MCTC among 10 schools selected for Caring Campus Initiative
Oct. 9, 2019
by Keith Kappes
Maysville, KY - “If it ain’t broke don’t fix it” might be good advice in some situations, but that folksy saying surely doesn’t apply to student support services at Maysville Community & Technical College.
Jessica Kern, MCTC’s chief enrollment and student services officer, believes the college’s already strong reputation for connecting positively with its students can be even stronger.
As a result, MCTC is among 10 two-year colleges selected to participate in the nationwide Caring Campus Initiative launched last year in California by the Institute for Evidence-Based Change (IEBC).
About two dozen faculty and staff members from MCTC’s four campuses have been organized into the Caring Campus Work Group with the goal of further strengthening the college’s support of its students in today’s higher education environment.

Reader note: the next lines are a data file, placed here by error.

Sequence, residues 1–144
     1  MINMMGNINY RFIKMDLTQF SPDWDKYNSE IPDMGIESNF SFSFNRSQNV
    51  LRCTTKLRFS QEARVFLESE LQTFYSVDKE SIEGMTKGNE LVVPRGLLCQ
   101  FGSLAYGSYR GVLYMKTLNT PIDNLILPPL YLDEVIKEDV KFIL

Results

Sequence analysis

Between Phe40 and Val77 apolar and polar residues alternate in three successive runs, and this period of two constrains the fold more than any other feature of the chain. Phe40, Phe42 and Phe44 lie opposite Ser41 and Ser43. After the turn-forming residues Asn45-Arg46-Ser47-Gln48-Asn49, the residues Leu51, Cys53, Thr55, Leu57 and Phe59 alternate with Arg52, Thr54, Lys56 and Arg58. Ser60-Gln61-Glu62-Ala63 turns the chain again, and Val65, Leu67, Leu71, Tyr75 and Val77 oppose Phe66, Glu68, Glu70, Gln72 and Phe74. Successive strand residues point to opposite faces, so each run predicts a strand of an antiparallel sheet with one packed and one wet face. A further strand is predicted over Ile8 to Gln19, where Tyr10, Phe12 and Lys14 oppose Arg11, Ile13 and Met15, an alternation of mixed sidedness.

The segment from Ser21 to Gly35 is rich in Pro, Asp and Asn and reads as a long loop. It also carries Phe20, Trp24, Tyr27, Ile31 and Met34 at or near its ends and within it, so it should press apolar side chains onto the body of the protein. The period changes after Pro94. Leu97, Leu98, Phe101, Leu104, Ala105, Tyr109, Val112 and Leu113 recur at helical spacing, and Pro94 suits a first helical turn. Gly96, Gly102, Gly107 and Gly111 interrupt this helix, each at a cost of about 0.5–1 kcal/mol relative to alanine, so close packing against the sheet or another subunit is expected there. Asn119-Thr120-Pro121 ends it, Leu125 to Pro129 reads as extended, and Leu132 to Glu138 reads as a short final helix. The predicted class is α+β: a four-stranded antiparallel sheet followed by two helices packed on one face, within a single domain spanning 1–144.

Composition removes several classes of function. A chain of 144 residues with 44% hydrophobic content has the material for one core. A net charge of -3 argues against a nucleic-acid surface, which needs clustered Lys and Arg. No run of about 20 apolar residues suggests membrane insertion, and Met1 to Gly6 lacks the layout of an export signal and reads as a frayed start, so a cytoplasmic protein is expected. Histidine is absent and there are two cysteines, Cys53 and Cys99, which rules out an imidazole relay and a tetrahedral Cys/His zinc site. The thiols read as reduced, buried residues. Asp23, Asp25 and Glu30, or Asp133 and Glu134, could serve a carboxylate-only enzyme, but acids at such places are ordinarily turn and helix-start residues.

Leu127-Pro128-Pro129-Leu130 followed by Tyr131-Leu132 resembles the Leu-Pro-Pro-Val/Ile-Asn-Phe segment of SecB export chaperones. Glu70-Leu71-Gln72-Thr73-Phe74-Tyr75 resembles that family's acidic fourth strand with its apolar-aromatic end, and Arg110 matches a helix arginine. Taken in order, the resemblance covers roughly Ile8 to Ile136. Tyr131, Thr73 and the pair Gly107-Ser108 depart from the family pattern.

Kern describes the work group members as “frontline problem solvers who understand today’s students”.
The group is meeting three times during the balance of this calendar year with a “caring campus coach” from IEBC to identify specific problems and realistic solutions for academic and administrative issues that might unintentionally but negatively impact a student’s college experience.
“We feel certain that our diverse cohort of group members can help us determine how to better assist students in developing personal, helpful connections with faculty and staff members,” Kern said. “We want our students to know for sure that we truly understand the real life challenges they face and that, from their first day at MCTC, they are welcome members of our college community.”
Kern says she is convinced that most students want and need a sense of belonging if they are to achieve their educational goals.
“A knowledgeable authority figure – a faculty or staff member – often is the human connection that makes the difference between success and failure on any campus,” Kern added.
Other objectives of the project include identifying other student-staff engagement opportunities, conducting and analyzing surveys of existing engagement, and establishing a means of evaluating student-staff interaction going forward.
President Theodore Roosevelt may have been describing the goal of Caring Campus when he said: “Nobody cares how much you know until they know how much you care.”